• Aeromedical transfer to reduce delay in primary angioplasty

      Balerdi, Matthew; Ellis, Daniel Y.; Grieve, Philip; Murray, Paul; Dalby, Miles C. (2011-07)
    • Paramedic-led prehospital thrombolysis is safe and effective: the East Anglian experience

      Khan, S. N.; Murray, Paul; McCormick, L.; Sharples, L. S.; Salahshouri, P.; Scott, Jason; Schofield, P. M. (2009-05-22)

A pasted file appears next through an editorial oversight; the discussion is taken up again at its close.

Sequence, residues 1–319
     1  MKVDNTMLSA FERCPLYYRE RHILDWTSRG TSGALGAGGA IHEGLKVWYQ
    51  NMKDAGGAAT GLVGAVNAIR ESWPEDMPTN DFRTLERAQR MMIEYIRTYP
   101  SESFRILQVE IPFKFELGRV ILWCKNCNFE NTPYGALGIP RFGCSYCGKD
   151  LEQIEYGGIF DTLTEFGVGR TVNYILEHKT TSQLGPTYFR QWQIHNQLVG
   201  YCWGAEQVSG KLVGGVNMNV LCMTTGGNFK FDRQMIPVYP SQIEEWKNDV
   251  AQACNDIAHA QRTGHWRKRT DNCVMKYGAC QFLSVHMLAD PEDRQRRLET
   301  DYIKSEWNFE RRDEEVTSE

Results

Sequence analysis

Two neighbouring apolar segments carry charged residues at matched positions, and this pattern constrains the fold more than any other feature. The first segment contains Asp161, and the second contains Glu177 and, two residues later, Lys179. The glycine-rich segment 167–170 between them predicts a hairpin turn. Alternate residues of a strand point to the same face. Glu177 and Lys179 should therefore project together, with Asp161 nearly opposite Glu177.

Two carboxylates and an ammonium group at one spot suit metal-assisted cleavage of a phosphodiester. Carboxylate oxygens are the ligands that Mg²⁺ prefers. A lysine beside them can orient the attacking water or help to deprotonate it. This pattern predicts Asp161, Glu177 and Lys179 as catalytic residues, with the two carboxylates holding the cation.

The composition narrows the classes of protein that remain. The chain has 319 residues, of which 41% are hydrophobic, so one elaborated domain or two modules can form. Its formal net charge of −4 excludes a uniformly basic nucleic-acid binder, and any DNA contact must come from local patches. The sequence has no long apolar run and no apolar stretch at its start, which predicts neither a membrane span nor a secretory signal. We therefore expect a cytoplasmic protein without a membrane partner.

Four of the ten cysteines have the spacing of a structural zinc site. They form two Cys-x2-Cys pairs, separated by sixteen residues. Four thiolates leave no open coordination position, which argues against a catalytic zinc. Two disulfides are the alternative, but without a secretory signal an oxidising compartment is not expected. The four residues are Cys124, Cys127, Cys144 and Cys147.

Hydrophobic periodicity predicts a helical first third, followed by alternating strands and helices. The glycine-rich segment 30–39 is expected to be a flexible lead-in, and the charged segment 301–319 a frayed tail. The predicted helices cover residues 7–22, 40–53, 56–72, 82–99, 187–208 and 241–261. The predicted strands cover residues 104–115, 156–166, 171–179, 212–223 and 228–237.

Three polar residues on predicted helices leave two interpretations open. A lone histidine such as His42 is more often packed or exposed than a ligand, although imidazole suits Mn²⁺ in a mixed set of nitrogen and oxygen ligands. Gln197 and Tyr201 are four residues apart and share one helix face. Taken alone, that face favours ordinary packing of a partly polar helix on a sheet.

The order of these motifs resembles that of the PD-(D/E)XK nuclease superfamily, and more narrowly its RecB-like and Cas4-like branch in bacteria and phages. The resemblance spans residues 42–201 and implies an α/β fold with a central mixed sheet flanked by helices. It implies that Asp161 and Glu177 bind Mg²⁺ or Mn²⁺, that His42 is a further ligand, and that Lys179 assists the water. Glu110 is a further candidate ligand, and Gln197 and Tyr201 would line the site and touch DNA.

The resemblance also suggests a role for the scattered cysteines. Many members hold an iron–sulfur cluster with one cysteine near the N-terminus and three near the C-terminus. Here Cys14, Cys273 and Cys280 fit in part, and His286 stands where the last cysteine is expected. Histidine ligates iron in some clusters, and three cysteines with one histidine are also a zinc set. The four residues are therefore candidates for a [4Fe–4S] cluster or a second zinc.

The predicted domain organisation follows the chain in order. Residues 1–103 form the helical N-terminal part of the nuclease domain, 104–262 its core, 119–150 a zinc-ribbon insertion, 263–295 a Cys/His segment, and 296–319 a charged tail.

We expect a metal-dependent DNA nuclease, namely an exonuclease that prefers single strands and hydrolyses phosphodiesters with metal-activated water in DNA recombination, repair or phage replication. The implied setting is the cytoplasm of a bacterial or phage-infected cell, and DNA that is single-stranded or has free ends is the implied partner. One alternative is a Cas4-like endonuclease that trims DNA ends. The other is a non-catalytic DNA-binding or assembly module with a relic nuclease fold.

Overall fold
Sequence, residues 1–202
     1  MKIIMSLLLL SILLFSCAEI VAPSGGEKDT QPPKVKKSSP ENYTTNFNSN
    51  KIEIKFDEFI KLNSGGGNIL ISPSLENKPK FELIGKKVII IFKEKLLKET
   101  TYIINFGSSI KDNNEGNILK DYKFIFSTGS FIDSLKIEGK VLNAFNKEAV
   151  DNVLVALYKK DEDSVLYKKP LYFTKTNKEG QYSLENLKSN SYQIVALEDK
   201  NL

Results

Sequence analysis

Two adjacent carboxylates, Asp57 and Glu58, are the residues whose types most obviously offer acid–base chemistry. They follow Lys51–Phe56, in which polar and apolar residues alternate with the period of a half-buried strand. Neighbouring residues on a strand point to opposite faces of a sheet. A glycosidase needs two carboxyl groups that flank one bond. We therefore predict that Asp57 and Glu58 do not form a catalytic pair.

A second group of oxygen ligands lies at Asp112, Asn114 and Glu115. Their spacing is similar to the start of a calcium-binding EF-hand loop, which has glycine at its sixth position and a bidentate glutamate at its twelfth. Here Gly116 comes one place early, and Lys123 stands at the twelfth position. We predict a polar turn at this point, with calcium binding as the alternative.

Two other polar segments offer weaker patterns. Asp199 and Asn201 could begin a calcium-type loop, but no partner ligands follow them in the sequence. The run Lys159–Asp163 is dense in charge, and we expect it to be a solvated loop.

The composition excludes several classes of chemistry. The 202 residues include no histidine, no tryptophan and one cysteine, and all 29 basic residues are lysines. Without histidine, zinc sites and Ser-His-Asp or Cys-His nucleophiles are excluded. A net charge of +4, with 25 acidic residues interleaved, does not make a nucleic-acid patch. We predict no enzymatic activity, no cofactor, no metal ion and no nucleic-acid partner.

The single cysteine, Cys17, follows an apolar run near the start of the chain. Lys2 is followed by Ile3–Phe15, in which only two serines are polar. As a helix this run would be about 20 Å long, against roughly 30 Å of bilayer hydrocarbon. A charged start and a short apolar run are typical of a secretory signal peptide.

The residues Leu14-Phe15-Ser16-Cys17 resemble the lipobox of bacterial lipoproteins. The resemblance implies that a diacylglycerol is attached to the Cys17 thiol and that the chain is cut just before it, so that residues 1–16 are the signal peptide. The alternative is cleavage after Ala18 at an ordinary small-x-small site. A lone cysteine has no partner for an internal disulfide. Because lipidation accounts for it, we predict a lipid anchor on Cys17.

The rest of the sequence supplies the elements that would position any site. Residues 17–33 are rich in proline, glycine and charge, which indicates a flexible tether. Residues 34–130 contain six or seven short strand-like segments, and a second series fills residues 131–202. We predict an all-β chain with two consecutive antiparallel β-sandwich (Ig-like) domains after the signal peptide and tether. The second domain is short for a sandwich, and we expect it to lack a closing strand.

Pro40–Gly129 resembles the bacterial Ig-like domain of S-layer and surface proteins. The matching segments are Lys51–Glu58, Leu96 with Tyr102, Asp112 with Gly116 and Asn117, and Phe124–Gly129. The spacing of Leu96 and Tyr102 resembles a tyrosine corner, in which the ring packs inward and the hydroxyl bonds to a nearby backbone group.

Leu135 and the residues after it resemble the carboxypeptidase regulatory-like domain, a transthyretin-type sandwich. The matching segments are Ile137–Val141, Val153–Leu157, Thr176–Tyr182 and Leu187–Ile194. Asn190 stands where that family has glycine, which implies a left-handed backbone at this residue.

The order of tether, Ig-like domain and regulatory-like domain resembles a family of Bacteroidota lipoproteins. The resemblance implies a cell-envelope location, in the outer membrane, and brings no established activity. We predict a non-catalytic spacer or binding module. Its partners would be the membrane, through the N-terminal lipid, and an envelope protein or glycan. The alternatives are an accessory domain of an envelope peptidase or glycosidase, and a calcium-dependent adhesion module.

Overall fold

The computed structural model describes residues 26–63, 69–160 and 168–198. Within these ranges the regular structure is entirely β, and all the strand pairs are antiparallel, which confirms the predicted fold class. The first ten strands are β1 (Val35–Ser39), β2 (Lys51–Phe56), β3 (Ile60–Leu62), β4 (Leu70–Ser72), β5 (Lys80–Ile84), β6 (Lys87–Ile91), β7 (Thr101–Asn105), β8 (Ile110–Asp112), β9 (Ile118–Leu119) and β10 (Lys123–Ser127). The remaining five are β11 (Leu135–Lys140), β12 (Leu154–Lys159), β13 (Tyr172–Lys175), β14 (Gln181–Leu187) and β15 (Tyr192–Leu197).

Introduction: Prehospital thrombolysis has been shown to improve patient outcomes in clinical trials and this has been confirmed in the ongoing large national myocardial infarction registry (Myocardial Infarction National Audit Project; MINAP) reports. This paper describes a system to improve the delivery of prehospital thrombolysis and the associated governance requirements to gain maximum patient benefit. Methods: Demographic data were prospectively collected on all patients treated by the East Anglian Ambulance Trust with bolus thrombolytics for a presumed diagnosis of ST elevation myocardial infarction between November 2003 and February 2007. Survival status was determined from the NHS strategic tracing service. Results: 1062 patients (mean age 64.0 years (SD 10.6), 795 men) were treated in this time period. There were 71 deaths in this group, with actuarial survival of 93.9% (SE 0.9%) at 30 days, 91.7% (SE 1.0%) at 6 months and 90.8% (SE 1.1%) at 12 months after treatment. Age and cardiac arrest were most strongly associated with mortality (both p<0.001). Twelve (1.2%) patients received thrombolysis that on review was considered inappropriate. There were no deaths in this subgroup. Conclusions: Prehospital thrombolysis can be administered safely by ambulance staff supported by a Trust clinical support system with excellent clinical outcomes. https://emj.bmj.com/content/26/6/452. This is an Open Access article distributed in accordance with the Creative Commons Attribution Non Commercial (CC BY-NC 4.0) license, which permits others to distribute, remix, adapt, build upon this work non-commercially, and license their derivative works on different terms, provided the original work is properly cited and the use is non-commercial. See: http://creativecommons.org/licenses/by-nc/4.0/ DOI http://dx.doi.org/10.1136/emj.2008.062729